A Photo Essay by Capucine Parvery

Kashmir, a remarkable region intrigues the public eye with political conflicts but has an unreal beauty behind the exaggerated threat. The fresh air of the mountains and the independent culture leads the capital of Kashmir to attract many Indian tourists for domestic travels. Located in the Himalayas, northern India, the environment provides both the option for tranquillity and physical activity. However, touristic activities and local occupations differ drastically, one more focused on exploration and pleasure, the other more on daily life and responsibilities. 

Traditional Kashmir

Rural Life

Driving up the mountains and hiking through different small villages and nomadic tents gives tourists the opportunity to discover the local lifestyle and daily occupations. The local lifestyle life is not easy; during winter the mountains are green and the temperature is relatively warm, however, during winter, all valleys are covered in snow and the temperature reaches -10Cº. Many Kashmiris living outside Srinagar are farmers or work in agriculture. Most are Muslim therefore many pray 5 times a day, the majority of women wear hijabs, and many villages have multiple mosques. Rural areas are very photogenic and beautiful. The people are very kind and welcoming, they wear traditional clothing and seeing their occupations is very interesting and inspiring. It also makes us realise how privileged we are. Most of these people have hard jobs, not very developed and clean houses and their limited life opportunities which remind us of our lives and the advantages we have. Most children go to local schools; they learn, Urdu, English, math, science and Islam. However, they have limited access to high school and college as it might be too far from their village or are not allowed by family. Through my pictures, I captured some moments of rural life.

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A shepherd bringing her herd of sheep to the Sind river before sunset in one of the villages near Kullan

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Women after finishing their laundry in the small river above their village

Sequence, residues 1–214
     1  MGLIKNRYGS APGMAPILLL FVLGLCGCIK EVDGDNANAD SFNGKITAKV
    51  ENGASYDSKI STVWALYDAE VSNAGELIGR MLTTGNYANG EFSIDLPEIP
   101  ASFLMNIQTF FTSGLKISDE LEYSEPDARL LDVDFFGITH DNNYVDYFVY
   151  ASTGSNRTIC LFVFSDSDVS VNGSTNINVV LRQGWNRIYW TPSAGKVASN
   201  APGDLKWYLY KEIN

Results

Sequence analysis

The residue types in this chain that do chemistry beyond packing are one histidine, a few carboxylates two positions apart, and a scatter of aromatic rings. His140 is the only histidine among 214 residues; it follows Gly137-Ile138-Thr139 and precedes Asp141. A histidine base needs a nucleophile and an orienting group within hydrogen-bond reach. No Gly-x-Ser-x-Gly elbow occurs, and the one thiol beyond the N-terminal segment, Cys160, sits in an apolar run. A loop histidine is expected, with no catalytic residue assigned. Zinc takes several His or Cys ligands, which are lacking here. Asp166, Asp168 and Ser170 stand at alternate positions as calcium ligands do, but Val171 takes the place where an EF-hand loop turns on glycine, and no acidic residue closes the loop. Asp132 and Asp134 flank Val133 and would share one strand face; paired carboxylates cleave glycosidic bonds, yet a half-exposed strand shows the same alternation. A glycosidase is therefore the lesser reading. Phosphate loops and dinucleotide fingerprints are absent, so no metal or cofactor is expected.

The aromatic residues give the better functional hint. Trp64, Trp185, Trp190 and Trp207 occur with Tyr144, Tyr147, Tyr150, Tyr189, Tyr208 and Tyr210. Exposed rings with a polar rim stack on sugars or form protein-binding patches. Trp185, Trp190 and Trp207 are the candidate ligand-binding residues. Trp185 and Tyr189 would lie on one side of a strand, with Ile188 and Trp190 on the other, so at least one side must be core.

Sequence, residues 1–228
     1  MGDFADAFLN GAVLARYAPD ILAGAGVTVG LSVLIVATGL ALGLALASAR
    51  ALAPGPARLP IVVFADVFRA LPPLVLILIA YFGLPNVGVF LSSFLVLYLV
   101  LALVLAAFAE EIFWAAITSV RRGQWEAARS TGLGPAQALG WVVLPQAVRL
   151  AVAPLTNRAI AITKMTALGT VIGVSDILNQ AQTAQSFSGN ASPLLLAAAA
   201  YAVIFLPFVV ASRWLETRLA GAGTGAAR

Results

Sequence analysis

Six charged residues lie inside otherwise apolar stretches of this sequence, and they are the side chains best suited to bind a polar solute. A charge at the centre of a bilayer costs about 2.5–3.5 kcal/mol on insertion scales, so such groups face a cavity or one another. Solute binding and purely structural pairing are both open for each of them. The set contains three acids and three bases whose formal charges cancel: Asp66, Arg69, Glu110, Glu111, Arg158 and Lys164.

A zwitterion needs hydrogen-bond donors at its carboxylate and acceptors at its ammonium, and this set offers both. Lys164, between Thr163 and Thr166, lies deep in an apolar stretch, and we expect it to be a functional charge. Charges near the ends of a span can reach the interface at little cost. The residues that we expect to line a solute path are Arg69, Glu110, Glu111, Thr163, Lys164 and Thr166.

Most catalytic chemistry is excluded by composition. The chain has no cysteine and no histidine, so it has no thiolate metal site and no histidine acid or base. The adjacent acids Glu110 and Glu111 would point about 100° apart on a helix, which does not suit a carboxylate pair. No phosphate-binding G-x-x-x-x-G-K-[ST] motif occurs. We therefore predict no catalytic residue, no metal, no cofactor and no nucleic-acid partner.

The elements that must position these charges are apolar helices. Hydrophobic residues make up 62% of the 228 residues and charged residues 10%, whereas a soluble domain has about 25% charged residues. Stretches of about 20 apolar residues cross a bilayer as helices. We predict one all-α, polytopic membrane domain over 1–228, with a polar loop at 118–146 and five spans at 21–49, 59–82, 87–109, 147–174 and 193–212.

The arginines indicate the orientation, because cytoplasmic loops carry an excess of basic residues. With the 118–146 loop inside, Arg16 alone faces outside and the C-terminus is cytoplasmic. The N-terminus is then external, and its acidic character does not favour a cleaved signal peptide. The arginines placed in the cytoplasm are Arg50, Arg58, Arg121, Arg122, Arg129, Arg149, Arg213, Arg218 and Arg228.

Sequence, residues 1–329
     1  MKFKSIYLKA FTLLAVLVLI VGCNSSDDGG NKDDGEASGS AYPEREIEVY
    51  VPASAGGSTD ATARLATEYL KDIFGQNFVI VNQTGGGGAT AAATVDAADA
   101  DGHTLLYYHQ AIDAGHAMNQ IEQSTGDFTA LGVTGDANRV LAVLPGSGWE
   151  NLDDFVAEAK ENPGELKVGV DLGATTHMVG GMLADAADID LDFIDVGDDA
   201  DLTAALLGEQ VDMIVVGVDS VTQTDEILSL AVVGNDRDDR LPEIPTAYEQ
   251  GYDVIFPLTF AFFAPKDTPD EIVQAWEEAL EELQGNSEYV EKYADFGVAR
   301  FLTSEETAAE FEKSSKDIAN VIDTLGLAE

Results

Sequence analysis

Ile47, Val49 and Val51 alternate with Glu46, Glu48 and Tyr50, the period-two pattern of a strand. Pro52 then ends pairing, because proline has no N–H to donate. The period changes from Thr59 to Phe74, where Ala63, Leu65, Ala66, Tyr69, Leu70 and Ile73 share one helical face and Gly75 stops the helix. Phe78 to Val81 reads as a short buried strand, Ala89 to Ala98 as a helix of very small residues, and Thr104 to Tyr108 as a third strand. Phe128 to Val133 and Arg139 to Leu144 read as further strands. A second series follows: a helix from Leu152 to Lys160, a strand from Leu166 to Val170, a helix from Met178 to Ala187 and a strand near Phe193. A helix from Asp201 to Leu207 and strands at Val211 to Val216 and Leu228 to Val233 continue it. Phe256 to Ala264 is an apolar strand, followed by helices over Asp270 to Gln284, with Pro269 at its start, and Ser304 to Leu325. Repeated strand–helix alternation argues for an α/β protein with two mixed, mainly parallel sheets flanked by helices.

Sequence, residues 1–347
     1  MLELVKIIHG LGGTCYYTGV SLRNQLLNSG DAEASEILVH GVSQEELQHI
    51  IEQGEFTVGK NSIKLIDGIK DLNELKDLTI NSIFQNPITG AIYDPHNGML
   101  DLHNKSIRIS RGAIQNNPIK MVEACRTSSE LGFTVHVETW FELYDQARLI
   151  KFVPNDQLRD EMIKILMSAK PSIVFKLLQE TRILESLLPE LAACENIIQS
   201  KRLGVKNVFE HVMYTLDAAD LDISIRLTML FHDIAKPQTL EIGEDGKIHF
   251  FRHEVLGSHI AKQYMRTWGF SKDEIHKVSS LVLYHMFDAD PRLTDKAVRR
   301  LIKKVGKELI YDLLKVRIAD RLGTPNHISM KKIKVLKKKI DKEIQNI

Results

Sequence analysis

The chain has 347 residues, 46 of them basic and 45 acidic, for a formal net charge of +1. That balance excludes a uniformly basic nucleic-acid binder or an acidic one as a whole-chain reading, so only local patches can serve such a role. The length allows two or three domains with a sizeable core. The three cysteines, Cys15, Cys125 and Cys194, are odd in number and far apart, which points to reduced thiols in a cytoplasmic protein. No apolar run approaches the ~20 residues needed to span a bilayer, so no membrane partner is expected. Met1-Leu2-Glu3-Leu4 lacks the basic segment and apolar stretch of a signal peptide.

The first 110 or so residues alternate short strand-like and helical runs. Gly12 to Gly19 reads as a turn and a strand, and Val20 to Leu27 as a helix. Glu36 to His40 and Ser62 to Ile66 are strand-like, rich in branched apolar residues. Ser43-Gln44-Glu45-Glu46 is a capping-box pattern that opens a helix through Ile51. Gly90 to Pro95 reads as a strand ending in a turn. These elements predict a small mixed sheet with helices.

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Women doing her laundry in a water reservoir in Naranaag temple ruins, built in the 8th century AD

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Shepherd walking down the mountain, more than 5 km away from the nearest village

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Sheep in a herd

Urban Life

Srinagar, a lively city, filled with markets, dhabas, temples and mosques, surrounded by mountain peaks, large lakes and Mughal gardens, has gotten its name of the ‘Venice of Asia’ from its core city on the Dal lake. The multiple villages on the lake are not only an attraction for tourists but the home of about 40, 000 people. These people use ‘shikaras’ (small local boats) to navigate between destinations. The villages are very intriguing as what we would call streets are in fact canals. On both banks, multiple houses can be on top of each other making the canals very narrow. Outside the villages, Dal lake is full of vegetation: large maple trees, lotus flower fields, duckweed and other aquatic plants. In fact, many villagers work in the lotus fields, fishing or harvesting lotus; cutting the stems and extracting the lotus thread out of them, the fruits to sell in the market and eat, and the flowers as decorations. Apart from life on the Dal lake, most of Srinagar is on dry land. The city is full of mosques, calling to prayer multiple times a day starting at 4h50. Many markets are present as well, selling food, goods, books, local crafts…  I captured a city that is at the heart of religion, tourism, culture and commerce. 

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Man selling his fried fish in a local market

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Man smoking a traditional hookah while rowing on his shikara

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Girl looking out her window in a traditional brick house

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Man smoking while waiting for his silver cups to be cleaned in a store

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Man selling flower seeds to tourists on his shikara